Our Islamic Fine-Tuning Project
A major public conversation among American Muslims has emerged since September 11: Is there room for progressive Islam?
BY: Omid Safi
This essay is adapted from the introduction of a new book, Progressive Muslims: On Justice, Gender, and Pluralism (Oxford: Oneworld Publications, 2003).
Walk into any Islamic center, and there is likely to be a table featuring pamphlets bearing titles like "The Status of Women in Islam," "Concept of God in Islam," "Concept of Worship in Islam." Printed in pale yellow, pink, and green shades, they promise truth in black and white. I hate these pamphlets.
I think Muslims are in imminent danger--if we are not there already--of succumbing to "pamphlet Islam," the fallacy of thinking that complex issues can be handled in four or six glossy pages.
A few years ago, when I started teaching at an undergraduate college in New York, I was the only Muslim faculty member. I was advisor to the small group of Muslim students, about six of them at that time. As we went around introducing ourselves, one student gushed: "What I love about Islam is that it is so simple!"
"Islam is simple" is a slogan used as an excuse to avoid discussion, and even disagreement. Islam is not simple because Muslims are not simple. We argue, we disagree, we joke, we walk away mad, we come back, we compromise. But we do not, and will not ever all agree on one interpretation of Islam.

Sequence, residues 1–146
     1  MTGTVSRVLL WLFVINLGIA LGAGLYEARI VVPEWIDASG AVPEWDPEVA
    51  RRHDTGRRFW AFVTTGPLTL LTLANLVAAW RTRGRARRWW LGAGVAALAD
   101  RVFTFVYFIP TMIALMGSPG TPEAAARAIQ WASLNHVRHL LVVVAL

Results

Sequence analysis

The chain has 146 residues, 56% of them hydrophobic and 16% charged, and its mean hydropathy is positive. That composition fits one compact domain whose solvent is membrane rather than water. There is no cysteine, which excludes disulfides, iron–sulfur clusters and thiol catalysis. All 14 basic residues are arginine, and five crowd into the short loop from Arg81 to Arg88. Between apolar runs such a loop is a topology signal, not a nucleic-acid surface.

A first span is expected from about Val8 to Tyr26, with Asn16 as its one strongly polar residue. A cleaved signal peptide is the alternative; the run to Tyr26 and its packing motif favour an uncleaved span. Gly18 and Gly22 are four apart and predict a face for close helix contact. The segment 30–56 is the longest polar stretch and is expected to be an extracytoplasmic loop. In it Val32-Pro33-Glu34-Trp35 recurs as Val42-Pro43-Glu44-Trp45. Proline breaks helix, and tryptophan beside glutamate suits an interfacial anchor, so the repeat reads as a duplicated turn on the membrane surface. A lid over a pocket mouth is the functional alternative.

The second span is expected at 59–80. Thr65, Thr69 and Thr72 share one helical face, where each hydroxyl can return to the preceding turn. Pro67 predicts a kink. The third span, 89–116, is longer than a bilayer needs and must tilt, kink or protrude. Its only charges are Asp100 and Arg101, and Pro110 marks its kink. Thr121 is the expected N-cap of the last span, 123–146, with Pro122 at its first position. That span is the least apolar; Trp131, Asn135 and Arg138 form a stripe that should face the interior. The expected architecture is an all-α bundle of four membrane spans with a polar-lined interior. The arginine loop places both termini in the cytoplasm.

And that is why there is progressive Islam.
Our movement is an attempt to help Islam swim through the rising waters of our world. We intend to work through our traditions of thought and practice--even though some interpretations of Islam are part of the problem. On the other hand, we want to come up with solutions to new problems.
For progressive Muslims, an essential part of our struggle is to challenge the great impoverishment of thought and spirit brought forth by Muslim literalist-exclusivists (popularly known as fundamentalists). Groups such as the Wahhabis have bulldozed over not just Sufi shrines and graveyards of the family of the Prophet in Arabia, but also whole structures of Islamic thought. Wahhabism started as a movement in what is today Saudi Arabia in the late 18th century, and over its existence has deemed illegitimate all other interpretations of Islam except its own. There is an urgent need for progressive Muslims to resist and replace the lifeless, narrow, and oppressive ideology that Wahhabism poses to Islam.
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